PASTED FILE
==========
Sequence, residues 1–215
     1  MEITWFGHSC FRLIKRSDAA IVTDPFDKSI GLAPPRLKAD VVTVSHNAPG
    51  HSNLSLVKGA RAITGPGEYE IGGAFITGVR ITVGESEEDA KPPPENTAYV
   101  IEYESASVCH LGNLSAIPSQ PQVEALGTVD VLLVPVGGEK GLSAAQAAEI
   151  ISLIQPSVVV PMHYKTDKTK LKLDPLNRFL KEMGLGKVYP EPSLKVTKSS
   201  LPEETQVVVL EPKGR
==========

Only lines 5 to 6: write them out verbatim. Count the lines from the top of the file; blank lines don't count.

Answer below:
   151  ISLIQPSVVV PMHYKTDKTK LKLDPLNRFL KEMGLGKVYP EPSLKVTKSS
   201  LPEETQVVVL EPKGR